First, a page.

Corn futures extended a fourth weekly gain in Chicago, the best run since November, as drought in the U.S. worsens yield losses in a crop already in the poorest condition since 1988. Wheat and soybeans also rose.
December-delivery corn rose 2 percent to $7.47 a bushel on the Chicago Board of Trade by 2:01 p.m. London time. That took this week’s advance to 7.8 percent. The last time the most-active contract advanced four straight weeks or more was in the period to Nov. 4. Prices have rallied 18 percent this month and 48 percent since mid-June.
Areas in the U.S. Midwest suffering from moderate to extreme drought expanded to about 63 percent as of July 10 from 53 percent a week earlier, the National Drought Mitigation Center said yesterday. The U.S. government cut its outlook for the domestic corn crop, the world’s largest, by 12 percent on July 11, just a month after predicting a record harvest.
“The operators remain riveted to the weather forecasts, knowing that in the short term the models don’t forecast rain for the most vulnerable areas,” Paris-based farm adviser Agritel wrote on its website today. “The yield outlook inevitably remains penalized by the current conditions in this critical development phase.”
The U.S. Department of Agriculture cut its outlook for the corn harvest to 12.97 billion bushels (329.45 million metric tons) this year from a June prediction of 14.79 billion bushels. The forecast for global output was cut to 905.2 million tons from 949.9 million tons last month. Futures rose to $7.48 a bushel on July 11, which at that point was the highest price since Sept. 13.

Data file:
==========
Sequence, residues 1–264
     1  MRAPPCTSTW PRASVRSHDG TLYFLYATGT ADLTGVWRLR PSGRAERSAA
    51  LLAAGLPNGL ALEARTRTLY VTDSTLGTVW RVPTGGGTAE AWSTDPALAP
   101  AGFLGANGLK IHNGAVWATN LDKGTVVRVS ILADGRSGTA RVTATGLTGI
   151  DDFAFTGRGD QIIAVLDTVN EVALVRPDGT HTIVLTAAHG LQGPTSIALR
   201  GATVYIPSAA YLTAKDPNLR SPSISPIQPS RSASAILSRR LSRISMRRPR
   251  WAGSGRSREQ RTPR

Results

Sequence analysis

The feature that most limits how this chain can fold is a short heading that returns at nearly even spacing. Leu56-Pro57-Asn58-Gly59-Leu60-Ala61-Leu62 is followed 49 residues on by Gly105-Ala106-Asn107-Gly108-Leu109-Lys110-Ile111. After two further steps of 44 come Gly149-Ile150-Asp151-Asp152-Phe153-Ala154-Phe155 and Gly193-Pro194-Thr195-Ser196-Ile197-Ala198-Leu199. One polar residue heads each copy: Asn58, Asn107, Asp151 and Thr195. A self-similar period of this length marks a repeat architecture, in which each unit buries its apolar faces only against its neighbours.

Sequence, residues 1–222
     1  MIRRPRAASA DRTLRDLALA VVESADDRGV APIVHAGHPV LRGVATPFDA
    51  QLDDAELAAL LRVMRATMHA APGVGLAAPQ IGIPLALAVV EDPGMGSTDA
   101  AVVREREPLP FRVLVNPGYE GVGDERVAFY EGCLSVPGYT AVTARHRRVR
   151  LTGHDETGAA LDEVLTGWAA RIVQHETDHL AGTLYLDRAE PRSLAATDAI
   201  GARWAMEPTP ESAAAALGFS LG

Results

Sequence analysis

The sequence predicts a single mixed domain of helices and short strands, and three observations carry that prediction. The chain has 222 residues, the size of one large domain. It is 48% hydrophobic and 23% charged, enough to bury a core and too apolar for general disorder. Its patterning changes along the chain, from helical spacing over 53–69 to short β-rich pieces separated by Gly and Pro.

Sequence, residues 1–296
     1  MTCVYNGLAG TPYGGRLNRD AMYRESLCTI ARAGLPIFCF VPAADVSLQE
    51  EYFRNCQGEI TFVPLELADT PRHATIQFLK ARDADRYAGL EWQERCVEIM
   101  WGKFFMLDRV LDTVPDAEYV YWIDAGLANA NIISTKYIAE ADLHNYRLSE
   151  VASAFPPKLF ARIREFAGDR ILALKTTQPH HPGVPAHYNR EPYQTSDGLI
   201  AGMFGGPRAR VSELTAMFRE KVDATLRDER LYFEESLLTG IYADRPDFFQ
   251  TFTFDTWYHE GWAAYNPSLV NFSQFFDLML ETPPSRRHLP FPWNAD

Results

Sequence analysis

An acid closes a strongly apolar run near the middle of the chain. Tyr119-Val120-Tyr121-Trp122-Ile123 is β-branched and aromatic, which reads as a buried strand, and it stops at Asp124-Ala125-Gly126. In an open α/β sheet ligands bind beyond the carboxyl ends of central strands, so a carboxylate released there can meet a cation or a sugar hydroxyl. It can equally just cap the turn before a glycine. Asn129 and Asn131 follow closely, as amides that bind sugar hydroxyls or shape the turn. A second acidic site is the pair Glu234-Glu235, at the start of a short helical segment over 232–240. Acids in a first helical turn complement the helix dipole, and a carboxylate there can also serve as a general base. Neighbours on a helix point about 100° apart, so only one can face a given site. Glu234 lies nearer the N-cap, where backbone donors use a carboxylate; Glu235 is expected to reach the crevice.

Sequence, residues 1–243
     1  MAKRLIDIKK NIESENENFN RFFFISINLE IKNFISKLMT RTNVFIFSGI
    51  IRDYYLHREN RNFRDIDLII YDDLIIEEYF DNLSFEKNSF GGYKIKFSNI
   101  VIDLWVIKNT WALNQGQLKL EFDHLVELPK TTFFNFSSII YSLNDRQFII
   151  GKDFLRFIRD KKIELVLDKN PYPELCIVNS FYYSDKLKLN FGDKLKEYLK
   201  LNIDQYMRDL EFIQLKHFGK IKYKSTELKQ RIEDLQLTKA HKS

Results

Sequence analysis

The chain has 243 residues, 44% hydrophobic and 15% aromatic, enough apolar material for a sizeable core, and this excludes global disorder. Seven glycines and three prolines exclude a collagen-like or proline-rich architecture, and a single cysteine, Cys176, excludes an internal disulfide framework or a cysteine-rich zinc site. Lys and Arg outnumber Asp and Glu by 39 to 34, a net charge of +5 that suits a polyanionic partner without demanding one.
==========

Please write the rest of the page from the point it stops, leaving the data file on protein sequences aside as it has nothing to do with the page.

“The drought condition is not expected to change,” Lynette Tan, an analyst at Phillip Futures Pte, said in a report e-mailed today. “Traders realized rains forecast in parts of the Midwest were too little to be of significant relief to the irreversible damage caused to the crop.”
China, the world’s second-largest corn user after the U.S., may import at least 8 million tons in 2012-13 from about 5 million tons in 2011-12, Jean Yves Chow, senior industry analyst at Rabobank International, said in an interview. Japan may import 16 million tons, up from 15.5 million tons, he said.
Wheat for September delivery rose 1.9 percent to $8.6325 a bushel, headed for a fourth weekly increase. Milling wheat for November delivery traded on NYSE Liffe in Paris advanced 2.3 percent to 260 euros ($316.58) a ton, the highest since the contract started trading in March 2011.
Soybeans for November delivery gained 1.5 percent to $15.52 a bushel in Chicago, also set for a fourth weekly gain.